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Inherited cancer syndromes and the thyroid: an update

Metzger, Rosemariea; Milas, Mirab

doi: 10.1097/CCO.0000000000000030
ENDOCRINE TUMORS: Edited by Julie Ann Sosa

Purpose of review Knowledge related to hereditary thyroid cancer syndromes has expanded enormously. This review identifies contributions that have changed approaches to diagnosis and broadened treatment options for patients with hereditary medullary and nonmedullary thyroid cancers related to multiple endocrine neoplasia type 2 (MEN2), Cowden syndrome, and familial adenomatous polyposis (FAP).

Recent findings A new risk-stratification scheme based on type of RET gene mutation informs the age at which prophylactic thyroidectomy and diagnostic screening for MEN-associated endocrine diseases should occur. Two new US Food and Drug Administration-approved targeted medical therapies are now available for medullary thyroid cancer. There is better understanding of more aggressive clinical features and increased lifetime cancer risks for patients with well differentiated thyroid cancers as part of families with and without Cowden syndrome or FAP. This has led to a clearer appreciation for the role and timing of thyroid ultrasound screening in these populations. It has also informed the appropriate extent of thyroid surgery and the circumstances in which prophylactic thyroidectomy is reasonable to consider as part of hereditary syndromes other than MEN2.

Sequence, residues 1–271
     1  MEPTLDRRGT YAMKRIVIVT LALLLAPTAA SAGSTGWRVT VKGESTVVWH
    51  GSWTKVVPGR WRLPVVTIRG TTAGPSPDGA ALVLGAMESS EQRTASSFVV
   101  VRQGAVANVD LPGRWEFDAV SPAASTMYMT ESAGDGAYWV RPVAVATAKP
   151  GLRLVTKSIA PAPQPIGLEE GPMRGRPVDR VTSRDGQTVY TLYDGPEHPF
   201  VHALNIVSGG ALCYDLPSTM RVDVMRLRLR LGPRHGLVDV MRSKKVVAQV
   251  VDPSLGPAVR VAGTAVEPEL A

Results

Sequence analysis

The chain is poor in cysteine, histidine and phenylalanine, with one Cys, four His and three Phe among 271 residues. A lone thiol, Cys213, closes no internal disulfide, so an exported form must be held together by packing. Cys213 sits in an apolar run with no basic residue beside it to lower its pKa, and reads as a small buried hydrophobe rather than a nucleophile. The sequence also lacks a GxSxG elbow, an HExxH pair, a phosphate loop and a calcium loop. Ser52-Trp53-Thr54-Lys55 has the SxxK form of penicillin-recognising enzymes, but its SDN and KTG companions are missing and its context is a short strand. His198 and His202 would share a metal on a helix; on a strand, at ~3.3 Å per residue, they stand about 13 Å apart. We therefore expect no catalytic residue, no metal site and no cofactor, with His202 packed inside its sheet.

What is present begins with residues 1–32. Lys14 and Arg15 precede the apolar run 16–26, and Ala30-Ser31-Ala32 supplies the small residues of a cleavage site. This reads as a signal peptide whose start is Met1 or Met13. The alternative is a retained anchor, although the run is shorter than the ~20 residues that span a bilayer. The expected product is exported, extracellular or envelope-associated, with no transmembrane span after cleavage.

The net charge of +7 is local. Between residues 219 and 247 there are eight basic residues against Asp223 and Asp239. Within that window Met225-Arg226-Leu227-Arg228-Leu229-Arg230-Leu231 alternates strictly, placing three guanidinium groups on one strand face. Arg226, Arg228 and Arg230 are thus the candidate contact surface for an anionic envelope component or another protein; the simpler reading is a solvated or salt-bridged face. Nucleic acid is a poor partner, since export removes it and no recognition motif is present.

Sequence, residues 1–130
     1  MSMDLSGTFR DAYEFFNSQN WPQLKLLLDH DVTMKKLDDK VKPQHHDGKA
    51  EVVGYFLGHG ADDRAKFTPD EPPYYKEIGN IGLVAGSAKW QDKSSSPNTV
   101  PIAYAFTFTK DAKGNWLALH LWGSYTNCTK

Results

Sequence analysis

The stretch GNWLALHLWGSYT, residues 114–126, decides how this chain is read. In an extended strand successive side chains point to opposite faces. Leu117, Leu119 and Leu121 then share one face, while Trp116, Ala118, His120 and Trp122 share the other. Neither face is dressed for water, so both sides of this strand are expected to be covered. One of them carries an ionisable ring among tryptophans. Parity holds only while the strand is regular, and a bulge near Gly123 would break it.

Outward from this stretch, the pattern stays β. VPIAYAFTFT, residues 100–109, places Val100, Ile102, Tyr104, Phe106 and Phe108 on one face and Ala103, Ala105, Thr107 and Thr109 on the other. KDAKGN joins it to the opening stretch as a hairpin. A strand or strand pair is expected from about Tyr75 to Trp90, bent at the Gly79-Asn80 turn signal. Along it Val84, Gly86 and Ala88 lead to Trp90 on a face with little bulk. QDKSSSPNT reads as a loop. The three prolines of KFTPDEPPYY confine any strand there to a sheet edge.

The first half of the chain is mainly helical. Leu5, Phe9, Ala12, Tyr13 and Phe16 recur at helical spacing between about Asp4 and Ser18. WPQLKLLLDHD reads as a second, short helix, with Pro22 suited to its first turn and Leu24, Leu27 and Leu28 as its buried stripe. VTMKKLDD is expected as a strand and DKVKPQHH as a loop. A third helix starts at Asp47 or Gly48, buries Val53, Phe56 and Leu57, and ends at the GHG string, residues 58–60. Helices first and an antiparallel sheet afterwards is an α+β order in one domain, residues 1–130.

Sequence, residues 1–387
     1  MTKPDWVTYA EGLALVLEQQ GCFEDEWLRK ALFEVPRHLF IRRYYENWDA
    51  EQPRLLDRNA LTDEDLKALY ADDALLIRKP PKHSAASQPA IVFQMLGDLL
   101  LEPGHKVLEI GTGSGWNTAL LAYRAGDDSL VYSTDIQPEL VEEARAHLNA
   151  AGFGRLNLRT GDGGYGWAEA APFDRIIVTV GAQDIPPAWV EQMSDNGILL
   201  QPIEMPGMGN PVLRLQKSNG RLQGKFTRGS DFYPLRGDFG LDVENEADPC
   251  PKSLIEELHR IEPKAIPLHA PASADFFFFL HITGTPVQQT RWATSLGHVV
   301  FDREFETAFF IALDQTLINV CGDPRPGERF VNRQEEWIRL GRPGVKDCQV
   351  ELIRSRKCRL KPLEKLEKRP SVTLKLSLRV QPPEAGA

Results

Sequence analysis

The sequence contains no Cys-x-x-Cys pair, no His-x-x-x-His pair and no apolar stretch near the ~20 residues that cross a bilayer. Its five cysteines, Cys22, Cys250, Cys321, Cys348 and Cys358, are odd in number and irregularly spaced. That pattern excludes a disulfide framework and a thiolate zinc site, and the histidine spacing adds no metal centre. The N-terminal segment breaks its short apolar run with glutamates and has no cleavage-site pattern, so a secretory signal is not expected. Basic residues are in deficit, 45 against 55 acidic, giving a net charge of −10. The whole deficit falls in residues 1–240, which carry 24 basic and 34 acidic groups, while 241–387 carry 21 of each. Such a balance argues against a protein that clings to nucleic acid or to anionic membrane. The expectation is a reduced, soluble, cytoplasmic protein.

Summary Recognition and early diagnosis of these syndromes allows for comprehensive medical care and may improve thyroid cancer-related outcomes. Ultrasound-based screening programs to detect thyroid disease are advised for patients and family members with hereditary cancer syndromes.

aEndocrinology and Metabolism Institute, Cleveland Clinic, Cleveland, Ohio

bDepartment of Surgery, Oregon Health and Sciences University, Portland, Oregon, USA

Correspondence to Mira Milas, MD, Division of Surgical Oncology, Oregon Health and Sciences University (OHSU), 3181 SW Sam Jackson Park Rd #L619, Portland, OR 97239, USA. Tel: +1 503 494 2277; e-mail:

© 2014 Lippincott Williams & Wilkins, Inc.